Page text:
How to End Your Internship on a Positively Positive Note
Ending on a positive note leaves a good impression
Though internships may only last a few months, you can create lasting value out of the relationships you make besides a note in your resume. Here’s a few ideas on how to have a happy ending with friends or references, (or even make new opportunities) as you leave, and make your internship everlasting.
Make a coffee date with your boss
Taking it a step further than just thanking your boss (which you should also absolutely do), offer to take him or her out for coffee. It’s a great way to gain valuable feedback on your accomplishments and work while at the internship, as well as discuss any potential for future opportunities, even mentorship.
When I was at the 6 mo. mark at my open-ended internship, I mustered up my courage and took my boss out for coffee. I asked for her honest feedback, along with discussing any potential for full-time roles down the line. Although they were looking for someone more senior to bring on full time, I felt relieved that I had at least talked to her, and it made a good impression by showing I cared. I also asked her to be a reference for any future opportunities, which she gladly did. Asking ahead of time opened the door to my contacting her, and she always replied.
Send a hand-written note
Yes, actually write it with a pen. Get a card with a picture of something you know your boss likes, such as bulldogs or basketball. Tell them something specific you learned or enjoyed, and thank them for the opportunity.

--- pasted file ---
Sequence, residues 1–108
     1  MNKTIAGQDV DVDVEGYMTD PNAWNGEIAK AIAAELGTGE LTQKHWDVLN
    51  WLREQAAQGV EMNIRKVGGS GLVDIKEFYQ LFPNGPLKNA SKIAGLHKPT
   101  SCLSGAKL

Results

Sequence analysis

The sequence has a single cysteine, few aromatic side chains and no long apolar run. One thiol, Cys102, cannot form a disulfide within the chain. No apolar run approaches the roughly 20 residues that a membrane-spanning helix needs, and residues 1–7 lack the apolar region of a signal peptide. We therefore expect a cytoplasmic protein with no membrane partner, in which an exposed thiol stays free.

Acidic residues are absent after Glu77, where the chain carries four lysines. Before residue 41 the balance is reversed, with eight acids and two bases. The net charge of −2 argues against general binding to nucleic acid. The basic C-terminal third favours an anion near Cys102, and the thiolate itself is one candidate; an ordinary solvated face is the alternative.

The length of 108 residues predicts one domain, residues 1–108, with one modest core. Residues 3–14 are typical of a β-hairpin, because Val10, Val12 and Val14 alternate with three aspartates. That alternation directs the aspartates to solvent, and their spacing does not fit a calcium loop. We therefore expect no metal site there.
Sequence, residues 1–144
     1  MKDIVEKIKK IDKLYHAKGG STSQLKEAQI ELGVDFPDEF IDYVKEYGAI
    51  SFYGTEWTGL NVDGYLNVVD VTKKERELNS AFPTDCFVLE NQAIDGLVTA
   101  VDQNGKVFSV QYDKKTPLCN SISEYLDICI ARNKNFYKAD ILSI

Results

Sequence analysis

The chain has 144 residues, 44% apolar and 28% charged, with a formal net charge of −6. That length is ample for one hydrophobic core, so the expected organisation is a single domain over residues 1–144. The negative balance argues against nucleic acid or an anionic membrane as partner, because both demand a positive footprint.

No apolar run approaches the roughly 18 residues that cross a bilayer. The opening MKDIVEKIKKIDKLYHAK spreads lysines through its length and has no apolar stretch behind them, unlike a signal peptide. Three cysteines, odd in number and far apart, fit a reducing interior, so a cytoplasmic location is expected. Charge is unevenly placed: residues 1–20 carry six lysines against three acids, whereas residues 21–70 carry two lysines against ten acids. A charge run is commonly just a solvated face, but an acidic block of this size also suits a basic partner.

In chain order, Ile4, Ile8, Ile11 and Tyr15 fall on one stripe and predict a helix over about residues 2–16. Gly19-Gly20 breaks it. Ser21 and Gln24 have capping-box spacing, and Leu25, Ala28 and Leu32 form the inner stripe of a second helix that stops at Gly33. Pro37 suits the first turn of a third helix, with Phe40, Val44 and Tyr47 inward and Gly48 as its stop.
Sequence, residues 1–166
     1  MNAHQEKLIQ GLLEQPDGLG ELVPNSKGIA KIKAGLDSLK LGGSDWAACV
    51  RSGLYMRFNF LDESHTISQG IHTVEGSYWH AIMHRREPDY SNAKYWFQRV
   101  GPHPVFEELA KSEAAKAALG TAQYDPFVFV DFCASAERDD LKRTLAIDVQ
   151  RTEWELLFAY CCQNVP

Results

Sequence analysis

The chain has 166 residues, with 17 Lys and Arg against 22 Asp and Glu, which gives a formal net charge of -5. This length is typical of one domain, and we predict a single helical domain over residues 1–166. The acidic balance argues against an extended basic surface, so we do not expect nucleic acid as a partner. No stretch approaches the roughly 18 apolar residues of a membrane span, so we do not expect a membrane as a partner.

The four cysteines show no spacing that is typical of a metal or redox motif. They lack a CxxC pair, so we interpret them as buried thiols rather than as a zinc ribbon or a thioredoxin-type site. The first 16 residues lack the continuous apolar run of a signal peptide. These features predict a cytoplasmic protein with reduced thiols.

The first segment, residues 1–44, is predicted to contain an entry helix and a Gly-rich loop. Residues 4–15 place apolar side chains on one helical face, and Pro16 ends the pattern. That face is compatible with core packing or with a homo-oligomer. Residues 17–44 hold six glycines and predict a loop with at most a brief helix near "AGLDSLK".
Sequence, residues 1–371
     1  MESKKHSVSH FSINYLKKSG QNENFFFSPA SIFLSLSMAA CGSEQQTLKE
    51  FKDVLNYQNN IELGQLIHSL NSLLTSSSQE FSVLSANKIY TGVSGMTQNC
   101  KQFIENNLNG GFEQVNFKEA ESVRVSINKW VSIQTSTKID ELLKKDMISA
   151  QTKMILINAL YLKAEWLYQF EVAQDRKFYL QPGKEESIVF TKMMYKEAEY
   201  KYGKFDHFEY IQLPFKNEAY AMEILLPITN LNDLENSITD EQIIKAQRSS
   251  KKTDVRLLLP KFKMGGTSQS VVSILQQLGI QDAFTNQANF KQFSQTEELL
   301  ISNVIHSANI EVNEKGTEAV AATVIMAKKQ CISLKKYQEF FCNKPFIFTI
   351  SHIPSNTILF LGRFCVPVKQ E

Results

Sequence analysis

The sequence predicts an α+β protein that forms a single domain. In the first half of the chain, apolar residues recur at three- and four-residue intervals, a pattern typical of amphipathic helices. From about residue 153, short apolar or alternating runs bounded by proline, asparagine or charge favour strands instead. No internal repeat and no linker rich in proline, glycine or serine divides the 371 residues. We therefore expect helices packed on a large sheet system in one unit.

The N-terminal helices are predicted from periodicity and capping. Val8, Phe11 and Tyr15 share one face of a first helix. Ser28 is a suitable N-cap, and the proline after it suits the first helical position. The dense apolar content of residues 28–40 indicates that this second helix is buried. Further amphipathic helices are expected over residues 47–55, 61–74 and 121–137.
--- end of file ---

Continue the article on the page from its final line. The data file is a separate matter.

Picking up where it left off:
This shows you paid attention to what interests them and they will remember that. Plus, few people send hand-written anything any more, so yours will stand out. Put it in a colorful envelope while you’re at it.
Coworkers count too
Take the time to send a thoughtful, from-the-heart email to the entire company (if it’s small), or to your team or department. Thank them for the great opportunity, and notify them of your future plans, along with your contact information; and be sure to connect with them on LinkedIn. Who knows, maybe in a year a coworker will have started his or her own business and wants to hire you! Or, they may be moving to your city and want to grab a drink. The people you meet on your career journey will become your professional network.
Although your internship is over, don’t leave with projects unfinished. Make sure all of your tasks and projects are completed, or that they’re passed off to someone else who can pick up where you leave off easily. Talk with your supervisor about how to wrap things up and offer to help in any way possible with the transition of your leaving. And also literally, make sure your desk space is spick and span and cleaner than when you found it before you leave. Never leave a mess behind. They will remember that, and not in a good way.
Stay in Touch, Develop a Mentor
At any point in your career, it’s extremely valuable to find a mentor, someone you can ask a career question or get some advice on a sticky situation in the future. This could be your supervisor; or it could be a coworker you really hit it off with. Read more about mentoring in Sheryl Sandberg’s Lean In.
Ask if it’s OK if you contact them, then stay in touch and make plans for the future, such as an occasional coffee or to visit an exhibit you think they’d like. Invite them to an business event or presentation. If you’re not in the city, send them a link to an interesting article or an update on a project you are working on. It doesn’t mean you have to become BFF’s, but staying in touch with at least a few people in the company is a huge plus: you can be the first to hear about any positions opening up in the future, stay friendly with the team, and gain valuable advice on the road to your career.